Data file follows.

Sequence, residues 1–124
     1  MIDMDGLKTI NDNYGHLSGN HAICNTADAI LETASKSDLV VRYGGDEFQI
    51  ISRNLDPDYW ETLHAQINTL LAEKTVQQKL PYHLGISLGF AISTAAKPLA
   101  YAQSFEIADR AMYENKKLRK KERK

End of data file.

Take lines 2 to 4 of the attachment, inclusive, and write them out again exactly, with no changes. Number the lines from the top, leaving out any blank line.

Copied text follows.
     1  MIDMDGLKTI NDNYGHLSGN HAICNTADAI LETASKSDLV VRYGGDEFQI
    51  ISRNLDPDYW ETLHAQINTL LAEKTVQQKL PYHLGISLGF AISTAAKPLA
   101  YAQSFEIADR AMYENKKLRK KERK